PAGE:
|Photo courtesy Stock.Xchng / Plattmunk with modifications by Pete|
Much of the time, the blogging community is a warm, happy place. There’s lots of love to go around. But book publishing? Not necessarily…
I learned years ago that if you’re going to be an author in the book publishing world, you’d better have a thick skin. Some people will love your work. Inevitably, though, others will not. And when they don’t, they aren’t shy about saying so.
This is only fair. People are entitled to their opinions, and here at No Gluten, No Problem, we certainly haven’t held back in any of our product, bakery or restaurant reviews. We simply provide our candid and honest feedback. If we love something, we say so. If we don’t, we tell you why. (We expect the same of reviews of our cookbooks…)
I imagine, though, that sometimes our negative reviews must sting a bit for the companies reading them. Fortunately, I get the sense that most of the companies that have been on the critical end of our reviews have taken our comments in stride and considered them a form of constructive criticism, which they are.
This is how I approach reviews of my and our books. You delight in the positive, and either absorb the negative as unsolicited constructive input for future improvement or simply move past it. For this reason, I seldom respond to negative reviews. Very little comes of doing so. It just looks unnecessarily defensive on the part of the author.
I have made exceptions to this rule, however. Such as the time a reader criticized our first cookbook, Artisanal Gluten-Free Cooking, because our Artisan Gluten-Free Flour Blend uses some sorghum flour, and this particular person didn’t tolerate sorghum well. In that instance, I interjected to offer an ingredient substitution whereby they could make a sorghum-free version of the flour blend, so that they could still enjoy the baking recipes in the cookbook.
I can count – probably on one hand, and certainly not requiring more than one or two fingers on my second hand – the number of times I have done this. Usually, it’s when I feel that a reviewer gets a substantive, factual aspect of the review wrong, or less often, when I strongly disagree with their perspective. (Most of the time, I just bite my tongue and grin and bear it…)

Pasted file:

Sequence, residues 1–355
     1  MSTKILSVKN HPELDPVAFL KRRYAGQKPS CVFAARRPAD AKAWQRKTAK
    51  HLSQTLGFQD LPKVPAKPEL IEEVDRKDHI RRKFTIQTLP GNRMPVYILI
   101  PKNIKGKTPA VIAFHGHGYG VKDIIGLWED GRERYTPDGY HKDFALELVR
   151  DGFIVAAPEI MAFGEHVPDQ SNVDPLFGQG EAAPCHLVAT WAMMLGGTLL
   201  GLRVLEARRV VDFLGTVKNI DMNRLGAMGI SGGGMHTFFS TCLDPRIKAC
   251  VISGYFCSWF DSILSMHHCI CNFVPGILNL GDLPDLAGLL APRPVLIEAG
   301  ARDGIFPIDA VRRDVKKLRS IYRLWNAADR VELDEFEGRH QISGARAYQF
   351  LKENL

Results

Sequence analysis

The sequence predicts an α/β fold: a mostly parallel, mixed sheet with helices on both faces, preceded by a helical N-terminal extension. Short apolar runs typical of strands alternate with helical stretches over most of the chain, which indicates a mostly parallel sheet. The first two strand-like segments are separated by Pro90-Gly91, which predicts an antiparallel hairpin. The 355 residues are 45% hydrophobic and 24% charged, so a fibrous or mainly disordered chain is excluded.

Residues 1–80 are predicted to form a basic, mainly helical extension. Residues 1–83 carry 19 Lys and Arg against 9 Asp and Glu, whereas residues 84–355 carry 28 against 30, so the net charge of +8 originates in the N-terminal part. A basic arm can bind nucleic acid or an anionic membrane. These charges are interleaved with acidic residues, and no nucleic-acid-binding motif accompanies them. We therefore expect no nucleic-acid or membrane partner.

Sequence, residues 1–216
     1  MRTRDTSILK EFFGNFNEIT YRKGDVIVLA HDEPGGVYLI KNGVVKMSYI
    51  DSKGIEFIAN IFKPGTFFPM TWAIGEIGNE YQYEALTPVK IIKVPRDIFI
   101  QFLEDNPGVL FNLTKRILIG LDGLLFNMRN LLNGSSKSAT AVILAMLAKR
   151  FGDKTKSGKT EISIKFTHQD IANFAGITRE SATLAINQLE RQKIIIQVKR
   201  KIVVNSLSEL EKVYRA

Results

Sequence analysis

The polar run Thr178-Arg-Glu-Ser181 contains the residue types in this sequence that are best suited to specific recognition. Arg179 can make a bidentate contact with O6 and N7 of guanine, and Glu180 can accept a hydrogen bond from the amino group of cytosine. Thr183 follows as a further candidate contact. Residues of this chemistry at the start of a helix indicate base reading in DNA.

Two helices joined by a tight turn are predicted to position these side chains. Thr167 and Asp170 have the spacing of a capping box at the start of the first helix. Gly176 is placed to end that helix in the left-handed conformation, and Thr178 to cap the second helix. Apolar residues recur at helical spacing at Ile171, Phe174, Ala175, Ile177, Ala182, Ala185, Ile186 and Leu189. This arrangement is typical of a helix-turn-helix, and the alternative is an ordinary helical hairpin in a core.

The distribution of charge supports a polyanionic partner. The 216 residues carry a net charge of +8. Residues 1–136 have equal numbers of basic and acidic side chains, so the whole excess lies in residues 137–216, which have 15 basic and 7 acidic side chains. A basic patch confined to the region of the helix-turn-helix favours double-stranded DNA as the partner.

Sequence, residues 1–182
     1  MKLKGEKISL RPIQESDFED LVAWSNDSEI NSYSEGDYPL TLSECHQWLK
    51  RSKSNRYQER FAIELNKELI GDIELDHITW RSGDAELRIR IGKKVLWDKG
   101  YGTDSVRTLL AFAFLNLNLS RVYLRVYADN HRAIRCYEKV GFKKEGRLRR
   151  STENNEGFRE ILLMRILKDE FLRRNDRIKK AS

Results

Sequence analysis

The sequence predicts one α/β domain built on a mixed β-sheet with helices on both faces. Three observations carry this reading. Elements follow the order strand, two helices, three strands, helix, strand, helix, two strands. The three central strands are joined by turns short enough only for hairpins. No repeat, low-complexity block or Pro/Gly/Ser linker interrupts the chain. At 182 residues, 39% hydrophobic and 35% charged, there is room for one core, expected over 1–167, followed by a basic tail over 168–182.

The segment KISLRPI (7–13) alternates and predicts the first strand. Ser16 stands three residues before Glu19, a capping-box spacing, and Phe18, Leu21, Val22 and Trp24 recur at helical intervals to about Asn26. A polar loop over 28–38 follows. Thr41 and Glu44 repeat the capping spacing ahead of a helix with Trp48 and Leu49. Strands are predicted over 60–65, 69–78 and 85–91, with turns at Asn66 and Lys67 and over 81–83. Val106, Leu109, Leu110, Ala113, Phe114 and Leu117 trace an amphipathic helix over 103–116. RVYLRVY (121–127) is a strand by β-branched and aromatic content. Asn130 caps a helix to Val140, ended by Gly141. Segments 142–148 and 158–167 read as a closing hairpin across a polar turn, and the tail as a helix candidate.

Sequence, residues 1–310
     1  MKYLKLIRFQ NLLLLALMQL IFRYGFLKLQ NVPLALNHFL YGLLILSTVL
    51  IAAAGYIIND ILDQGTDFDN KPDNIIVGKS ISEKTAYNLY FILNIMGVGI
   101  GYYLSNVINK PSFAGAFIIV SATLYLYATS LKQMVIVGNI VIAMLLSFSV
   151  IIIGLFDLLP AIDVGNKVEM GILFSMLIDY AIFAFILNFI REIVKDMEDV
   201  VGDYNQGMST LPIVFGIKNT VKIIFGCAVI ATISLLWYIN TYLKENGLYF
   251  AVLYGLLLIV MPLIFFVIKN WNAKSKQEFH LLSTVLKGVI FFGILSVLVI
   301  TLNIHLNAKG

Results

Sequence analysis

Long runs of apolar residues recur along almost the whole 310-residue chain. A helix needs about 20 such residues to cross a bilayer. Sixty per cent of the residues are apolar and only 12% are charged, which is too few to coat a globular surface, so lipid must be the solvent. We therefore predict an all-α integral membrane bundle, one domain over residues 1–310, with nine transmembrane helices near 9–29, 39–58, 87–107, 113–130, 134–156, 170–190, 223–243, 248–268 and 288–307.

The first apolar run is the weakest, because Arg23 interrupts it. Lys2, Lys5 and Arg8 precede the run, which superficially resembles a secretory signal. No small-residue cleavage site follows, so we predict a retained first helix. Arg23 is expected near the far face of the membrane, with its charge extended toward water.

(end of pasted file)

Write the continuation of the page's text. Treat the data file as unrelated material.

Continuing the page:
It is the most recent instance that has prompted me to write today’s post. A reviewer took our first cookbook to task – pretty harshly, I might add – almost exclusively on the basis that our gluten-free cookbook contains some naturally gluten-free recipes. Within the same week, I saw my friend and fellow gluten-free blogger, Shirley, of Gluten Free Easily, praise Silvana Nardone’s Cooking For Isaiah because it contained naturally gluten-free recipes which fit with Shirley’s gluten free easily approach to the GF lifestyle.
The juxtaposition of those two diametrically opposed viewpoints prompted me to think more about the spectrum of gluten-free recipes, and which ones do or don’t have a place in gluten-free cookbooks.
My thoughts are probably best shared in the context of my reply to the critical reviewer who didn’t appreciate the naturally GF recipes in our GF cookbook. I made several points:
First, the cookbook was and remains an expression of us as people and food lovers. The recipes we included in Artisanal Gluten-Free Cooking are recipes we make regularly in our everyday living. Just as our tastes are eclectic (hence you’ll find a wide variety of international cuisine in the book), our tastes also encompass a range of dishes that are either naturally gluten-free, made gluten-free with simple ingredient substitutions (such as swapping tamari wheat-free soy sauce for regular soy sauce in an Asian dish), or which are “specialty” gluten-free recipes that require heavy modification. Quite simply, to omit the naturally gluten-free dishes would also be to omit a part of ourselves from the book.